For much of the past half decade, a group of investors led by Chris Hansen has sought ways to build an arena in Seattle that could house an NBA team and possibly an NHL club as well. The group, however, has faced resistance, most recently from a city council that refused to grant it access to a city street necessary for construction in the Sodo District.
On Thursday, an Associated Press report broke news that Hansen’s group would also be willing to help rebuild and modernize KeyArena as a venue for concerts, after the construction on the new Sodo facility had been completed, that is.
From 1967 until 2008, KeyArena was home to the NBA’s SuperSonics and the building currently remains on a 74-acre plot in downtown as a multipurpose facility and the home of Seattle’s WNBA club.
Despite the fact that Hansen’s group is aggressively pursuing a franchise – they’ve already pivoted from seeking to use public money to privately financing the project – their plans of building a facility near those of the Seahawks’ and Mariners’ facilities would require the purchase of a portion of Occidental Avenue South.
As recently as May of 2016, however, Seattle city council voted against such an acquisition 5-4, some councilmembers steadfast against the idea of vacating a prominent, industrial city street in the name of supposed “gentrification.”
If the proposal to rebuild KeyArena was intended as an olive branch for city officials, it wasn’t taken as such. Almost immediately after issuing their proposal, Seattle’s Office of Economic Development shot them down, referring to a formal request for proposals that was held earlier in 2017.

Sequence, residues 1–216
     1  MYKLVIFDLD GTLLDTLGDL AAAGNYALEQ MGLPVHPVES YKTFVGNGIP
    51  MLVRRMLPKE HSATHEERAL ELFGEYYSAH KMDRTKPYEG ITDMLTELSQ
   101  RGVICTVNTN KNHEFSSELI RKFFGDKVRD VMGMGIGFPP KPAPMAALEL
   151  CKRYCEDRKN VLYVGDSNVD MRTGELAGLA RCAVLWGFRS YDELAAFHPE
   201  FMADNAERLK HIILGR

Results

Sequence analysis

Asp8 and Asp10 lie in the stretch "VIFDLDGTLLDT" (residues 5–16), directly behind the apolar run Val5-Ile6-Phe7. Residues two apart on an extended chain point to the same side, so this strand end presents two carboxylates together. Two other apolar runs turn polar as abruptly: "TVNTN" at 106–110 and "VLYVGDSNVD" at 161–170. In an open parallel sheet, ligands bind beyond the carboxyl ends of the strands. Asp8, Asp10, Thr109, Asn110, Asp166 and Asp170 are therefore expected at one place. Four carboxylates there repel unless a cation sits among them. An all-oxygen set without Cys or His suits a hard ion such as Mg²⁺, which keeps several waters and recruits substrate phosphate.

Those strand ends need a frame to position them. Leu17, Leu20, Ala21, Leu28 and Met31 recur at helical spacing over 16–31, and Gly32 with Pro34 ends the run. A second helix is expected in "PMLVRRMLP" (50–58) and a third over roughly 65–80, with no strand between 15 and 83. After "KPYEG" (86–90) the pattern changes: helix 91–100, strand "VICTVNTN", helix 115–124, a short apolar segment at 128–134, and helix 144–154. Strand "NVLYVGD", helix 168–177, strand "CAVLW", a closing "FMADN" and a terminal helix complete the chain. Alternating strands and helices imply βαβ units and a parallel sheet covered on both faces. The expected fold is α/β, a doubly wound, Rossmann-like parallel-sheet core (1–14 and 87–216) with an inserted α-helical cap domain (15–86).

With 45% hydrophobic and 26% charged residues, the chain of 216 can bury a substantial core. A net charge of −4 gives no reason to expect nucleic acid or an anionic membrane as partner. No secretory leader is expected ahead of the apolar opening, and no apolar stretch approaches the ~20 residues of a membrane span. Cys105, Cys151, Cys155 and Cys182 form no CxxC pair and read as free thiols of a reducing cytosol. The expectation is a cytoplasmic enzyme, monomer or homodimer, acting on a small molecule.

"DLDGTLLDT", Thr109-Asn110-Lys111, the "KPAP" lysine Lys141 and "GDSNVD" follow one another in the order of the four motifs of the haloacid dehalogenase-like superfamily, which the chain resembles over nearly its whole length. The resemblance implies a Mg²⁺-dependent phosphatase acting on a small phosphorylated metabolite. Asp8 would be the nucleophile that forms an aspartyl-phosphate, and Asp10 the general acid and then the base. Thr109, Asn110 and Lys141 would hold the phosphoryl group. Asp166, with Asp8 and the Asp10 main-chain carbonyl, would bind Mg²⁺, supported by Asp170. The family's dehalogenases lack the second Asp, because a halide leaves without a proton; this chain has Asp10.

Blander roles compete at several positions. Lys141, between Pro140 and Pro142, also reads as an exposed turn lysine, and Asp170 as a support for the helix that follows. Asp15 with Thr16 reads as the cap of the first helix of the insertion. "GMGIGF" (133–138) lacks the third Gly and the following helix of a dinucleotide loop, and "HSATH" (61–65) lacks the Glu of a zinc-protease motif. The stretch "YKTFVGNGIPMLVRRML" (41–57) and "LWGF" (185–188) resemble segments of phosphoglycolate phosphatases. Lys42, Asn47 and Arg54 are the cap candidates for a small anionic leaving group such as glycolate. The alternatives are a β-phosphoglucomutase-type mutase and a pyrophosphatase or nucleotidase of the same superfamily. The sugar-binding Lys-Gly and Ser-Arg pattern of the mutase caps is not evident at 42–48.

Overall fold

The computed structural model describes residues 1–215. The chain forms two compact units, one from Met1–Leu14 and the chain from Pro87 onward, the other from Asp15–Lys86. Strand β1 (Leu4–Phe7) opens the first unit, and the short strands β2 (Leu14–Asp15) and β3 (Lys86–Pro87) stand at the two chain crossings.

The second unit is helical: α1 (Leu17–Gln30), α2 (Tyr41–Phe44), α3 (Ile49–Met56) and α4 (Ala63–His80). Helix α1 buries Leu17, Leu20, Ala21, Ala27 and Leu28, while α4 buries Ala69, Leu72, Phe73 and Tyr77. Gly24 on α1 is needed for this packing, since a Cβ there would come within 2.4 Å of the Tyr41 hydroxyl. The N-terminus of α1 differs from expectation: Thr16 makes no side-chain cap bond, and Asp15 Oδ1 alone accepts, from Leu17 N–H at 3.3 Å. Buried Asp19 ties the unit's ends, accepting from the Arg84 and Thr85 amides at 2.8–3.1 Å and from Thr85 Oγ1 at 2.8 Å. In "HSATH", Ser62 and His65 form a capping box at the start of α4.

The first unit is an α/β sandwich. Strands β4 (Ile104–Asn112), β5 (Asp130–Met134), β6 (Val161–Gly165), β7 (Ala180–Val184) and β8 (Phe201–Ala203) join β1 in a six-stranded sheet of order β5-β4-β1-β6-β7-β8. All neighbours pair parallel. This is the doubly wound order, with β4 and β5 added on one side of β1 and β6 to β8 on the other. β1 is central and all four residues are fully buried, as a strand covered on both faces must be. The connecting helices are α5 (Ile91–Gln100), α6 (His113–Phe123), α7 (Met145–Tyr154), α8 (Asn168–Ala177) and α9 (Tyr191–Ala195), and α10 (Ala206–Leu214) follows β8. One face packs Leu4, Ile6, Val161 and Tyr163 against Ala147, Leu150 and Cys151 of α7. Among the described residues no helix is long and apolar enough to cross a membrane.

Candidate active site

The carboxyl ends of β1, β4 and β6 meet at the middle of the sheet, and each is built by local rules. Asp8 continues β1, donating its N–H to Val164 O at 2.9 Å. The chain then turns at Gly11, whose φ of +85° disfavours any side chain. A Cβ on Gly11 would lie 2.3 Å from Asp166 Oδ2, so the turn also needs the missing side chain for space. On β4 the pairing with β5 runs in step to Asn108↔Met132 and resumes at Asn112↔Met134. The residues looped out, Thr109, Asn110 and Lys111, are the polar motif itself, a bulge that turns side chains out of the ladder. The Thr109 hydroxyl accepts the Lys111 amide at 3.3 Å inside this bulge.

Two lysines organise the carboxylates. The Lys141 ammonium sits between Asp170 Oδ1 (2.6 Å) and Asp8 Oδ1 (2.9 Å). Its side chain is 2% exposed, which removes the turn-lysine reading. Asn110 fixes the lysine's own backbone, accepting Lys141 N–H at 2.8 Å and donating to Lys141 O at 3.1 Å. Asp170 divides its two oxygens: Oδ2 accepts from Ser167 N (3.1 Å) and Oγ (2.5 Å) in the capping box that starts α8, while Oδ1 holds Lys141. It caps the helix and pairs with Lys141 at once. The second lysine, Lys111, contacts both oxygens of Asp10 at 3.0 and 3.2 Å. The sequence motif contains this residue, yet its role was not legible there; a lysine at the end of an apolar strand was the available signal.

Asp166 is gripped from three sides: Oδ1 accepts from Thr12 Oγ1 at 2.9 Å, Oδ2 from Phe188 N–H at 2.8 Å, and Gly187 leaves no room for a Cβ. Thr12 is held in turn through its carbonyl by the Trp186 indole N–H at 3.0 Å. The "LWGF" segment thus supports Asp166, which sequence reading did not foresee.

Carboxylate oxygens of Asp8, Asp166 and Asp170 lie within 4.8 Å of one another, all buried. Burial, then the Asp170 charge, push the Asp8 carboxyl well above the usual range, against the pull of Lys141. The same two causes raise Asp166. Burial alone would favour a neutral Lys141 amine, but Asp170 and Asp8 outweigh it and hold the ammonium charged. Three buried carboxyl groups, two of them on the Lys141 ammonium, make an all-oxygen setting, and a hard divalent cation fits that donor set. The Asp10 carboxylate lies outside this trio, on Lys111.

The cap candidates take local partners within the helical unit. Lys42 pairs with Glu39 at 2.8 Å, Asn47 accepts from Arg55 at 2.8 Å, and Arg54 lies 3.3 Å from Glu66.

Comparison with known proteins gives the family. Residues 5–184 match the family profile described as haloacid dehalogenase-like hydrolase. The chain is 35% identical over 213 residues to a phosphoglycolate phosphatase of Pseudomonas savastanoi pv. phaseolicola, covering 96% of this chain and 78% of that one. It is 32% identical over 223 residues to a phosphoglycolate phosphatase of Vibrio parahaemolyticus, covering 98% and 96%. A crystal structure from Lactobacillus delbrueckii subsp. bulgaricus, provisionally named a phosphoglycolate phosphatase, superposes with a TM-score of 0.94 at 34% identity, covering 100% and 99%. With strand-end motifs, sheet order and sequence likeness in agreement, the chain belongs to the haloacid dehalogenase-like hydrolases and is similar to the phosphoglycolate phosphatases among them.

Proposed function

If Hansen’s group wanted to modernize KeyArena, the office suggested, they should have formally proposed their plans when the city was requesting them. As things stand, a Los Angeles-based company already has a finalized draft to renovate KeyArena for $564MM with the intention of housing NBA and NHL teams there.
What does this mean for hoops fans hoping for another basketball franchise in the Pacific Northwest? Not much, directly at least.
In April of 2016, NBA commissioner Adam Silver told Baker that a “shovel ready arena” wouldn’t hasten the league’s meticulous expansion process. More recently though, Silver told C.J. McCollum of the Players Tribune (yes, that one) in July 2017 that the league would inevitably start looking at growth of franchises.
“Seattle will no doubt be on a short list of cities we’ll look at,” Silver told him.
Whether that hypothetical franchise suits up in a renovated version of KeyArena or somewhere in the middle of an industrial district slowly enveloped by sports facilities remains to be seen.